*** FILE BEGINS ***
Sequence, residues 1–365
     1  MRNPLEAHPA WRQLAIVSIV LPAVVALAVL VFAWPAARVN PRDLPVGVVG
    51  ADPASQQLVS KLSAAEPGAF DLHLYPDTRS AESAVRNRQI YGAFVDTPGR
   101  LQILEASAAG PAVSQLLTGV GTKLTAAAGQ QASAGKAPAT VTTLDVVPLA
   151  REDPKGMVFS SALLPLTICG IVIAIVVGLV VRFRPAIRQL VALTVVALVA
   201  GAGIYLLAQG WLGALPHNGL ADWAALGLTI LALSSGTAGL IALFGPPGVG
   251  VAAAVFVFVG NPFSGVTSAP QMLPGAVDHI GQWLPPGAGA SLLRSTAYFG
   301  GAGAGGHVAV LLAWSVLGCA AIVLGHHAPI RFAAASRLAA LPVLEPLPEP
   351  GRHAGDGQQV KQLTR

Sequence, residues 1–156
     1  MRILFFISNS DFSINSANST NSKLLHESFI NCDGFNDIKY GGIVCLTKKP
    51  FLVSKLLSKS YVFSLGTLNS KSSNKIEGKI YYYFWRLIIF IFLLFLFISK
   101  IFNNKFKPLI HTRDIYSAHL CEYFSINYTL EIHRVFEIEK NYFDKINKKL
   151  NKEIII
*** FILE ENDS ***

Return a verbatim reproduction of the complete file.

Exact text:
Sequence, residues 1–365
     1  MRNPLEAHPA WRQLAIVSIV LPAVVALAVL VFAWPAARVN PRDLPVGVVG
    51  ADPASQQLVS KLSAAEPGAF DLHLYPDTRS AESAVRNRQI YGAFVDTPGR
   101  LQILEASAAG PAVSQLLTGV GTKLTAAAGQ QASAGKAPAT VTTLDVVPLA
   151  REDPKGMVFS SALLPLTICG IVIAIVVGLV VRFRPAIRQL VALTVVALVA
   201  GAGIYLLAQG WLGALPHNGL ADWAALGLTI LALSSGTAGL IALFGPPGVG
   251  VAAAVFVFVG NPFSGVTSAP QMLPGAVDHI GQWLPPGAGA SLLRSTAYFG
   301  GAGAGGHVAV LLAWSVLGCA AIVLGHHAPI RFAAASRLAA LPVLEPLPEP
   351  GRHAGDGQQV KQLTR

Sequence, residues 1–156
     1  MRILFFISNS DFSINSANST NSKLLHESFI NCDGFNDIKY GGIVCLTKKP
    51  FLVSKLLSKS YVFSLGTLNS KSSNKIEGKI YYYFWRLIIF IFLLFLFISK
   101  IFNNKFKPLI HTRDIYSAHL CEYFSINYTL EIHRVFEIEK NYFDKINKKL
   151  NKEIII